The Trading Nation’s Dilemma: The Functions of the Law of International Trade
Kenneth W. Abbott
Arizona State University
Harvard International Law Journal, Vol. 26, p. 501, 1985
The public law of international trade acts to restrain national governments from interfering in private trade transactions. It is based upon treaties and other international agreements made, administered and enforced by the national governments to which it applies. Why do governments agree to limit their freedom of action by rules of law? This article presents a fresh explanation of the underlying functions of the international trade law regime, using a simple game theory framework to organize the analysis.
This article argues that the law of international trade functions to help the governments of trading nations reach a satisfactory resolution of a complex dilemma. In the context of domestic decision-making, public officials deciding whether to grant protection to import-competing industries are faced with an unpleasant trade-off. There are short-run political gains for granting protection, with corresponding losses for refusing. However, granting protection may conflict with principles or values connected with the national interest or the interests of consumers.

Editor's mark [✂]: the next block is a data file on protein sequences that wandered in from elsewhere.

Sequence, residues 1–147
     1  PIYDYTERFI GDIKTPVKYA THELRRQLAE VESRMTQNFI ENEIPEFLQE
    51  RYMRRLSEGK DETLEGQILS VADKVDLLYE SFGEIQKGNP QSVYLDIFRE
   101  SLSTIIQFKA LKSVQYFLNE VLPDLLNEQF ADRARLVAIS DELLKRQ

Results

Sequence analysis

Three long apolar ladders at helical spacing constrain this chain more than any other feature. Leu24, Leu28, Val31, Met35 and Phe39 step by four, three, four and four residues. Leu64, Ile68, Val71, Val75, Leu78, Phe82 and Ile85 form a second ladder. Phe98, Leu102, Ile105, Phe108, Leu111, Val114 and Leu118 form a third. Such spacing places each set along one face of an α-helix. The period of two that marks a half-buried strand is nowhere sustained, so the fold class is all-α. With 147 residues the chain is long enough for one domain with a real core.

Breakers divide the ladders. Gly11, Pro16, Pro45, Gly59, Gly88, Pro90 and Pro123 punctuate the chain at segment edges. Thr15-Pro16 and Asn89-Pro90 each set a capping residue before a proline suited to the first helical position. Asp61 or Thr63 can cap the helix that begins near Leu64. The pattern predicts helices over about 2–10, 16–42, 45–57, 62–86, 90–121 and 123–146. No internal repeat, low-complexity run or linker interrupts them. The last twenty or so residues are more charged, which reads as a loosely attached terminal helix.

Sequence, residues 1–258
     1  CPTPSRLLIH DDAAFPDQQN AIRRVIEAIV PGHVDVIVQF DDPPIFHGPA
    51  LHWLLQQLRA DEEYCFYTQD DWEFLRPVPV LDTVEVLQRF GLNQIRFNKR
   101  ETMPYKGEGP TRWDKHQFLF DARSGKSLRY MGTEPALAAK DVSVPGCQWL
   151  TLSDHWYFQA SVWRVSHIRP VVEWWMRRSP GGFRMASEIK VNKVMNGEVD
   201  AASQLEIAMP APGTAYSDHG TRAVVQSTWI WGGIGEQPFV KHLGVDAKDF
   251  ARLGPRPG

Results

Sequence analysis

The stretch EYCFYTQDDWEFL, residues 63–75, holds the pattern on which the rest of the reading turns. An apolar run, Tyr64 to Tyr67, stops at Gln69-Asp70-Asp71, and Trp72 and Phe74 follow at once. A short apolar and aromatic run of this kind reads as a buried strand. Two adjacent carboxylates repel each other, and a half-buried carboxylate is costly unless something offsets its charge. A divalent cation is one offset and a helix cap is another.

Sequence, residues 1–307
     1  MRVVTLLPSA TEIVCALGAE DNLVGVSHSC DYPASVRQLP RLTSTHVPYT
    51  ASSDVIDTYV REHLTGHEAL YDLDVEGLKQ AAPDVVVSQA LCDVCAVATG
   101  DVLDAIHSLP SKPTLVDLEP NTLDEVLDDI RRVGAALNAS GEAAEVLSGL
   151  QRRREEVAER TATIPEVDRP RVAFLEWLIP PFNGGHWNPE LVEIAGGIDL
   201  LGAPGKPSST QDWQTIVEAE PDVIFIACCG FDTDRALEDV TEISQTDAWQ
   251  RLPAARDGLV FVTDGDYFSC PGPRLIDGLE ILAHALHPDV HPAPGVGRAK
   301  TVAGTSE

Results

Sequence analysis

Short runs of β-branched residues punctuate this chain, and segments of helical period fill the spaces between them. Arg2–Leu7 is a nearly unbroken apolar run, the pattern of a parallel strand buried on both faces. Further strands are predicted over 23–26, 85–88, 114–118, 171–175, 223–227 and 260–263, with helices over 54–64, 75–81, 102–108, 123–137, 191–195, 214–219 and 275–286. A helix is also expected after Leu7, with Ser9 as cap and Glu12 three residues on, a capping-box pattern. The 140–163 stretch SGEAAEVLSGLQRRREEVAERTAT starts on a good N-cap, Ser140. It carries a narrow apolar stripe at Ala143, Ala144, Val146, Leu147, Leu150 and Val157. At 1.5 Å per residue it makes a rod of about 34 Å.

On the international level, trading nation governments find themselves in a situation akin to the two-player game theory scenario known as the Prisoners' Dilemma. When each player in the game follows his dominant strategy, the result is an "equilibrium" outcome in which each is worse off than if each had followed the alternative strategy.
The law of international trade functions to inhibit national governments from following what appear to be rational short-run courses of action in the interest of achieving superior long-run outcomes for their nations and perhaps for themselves.
Number of Pages in PDF File: 32
Keywords: International law, Trade, EconomicsAccepted Paper Series
Date posted: May 19, 2009
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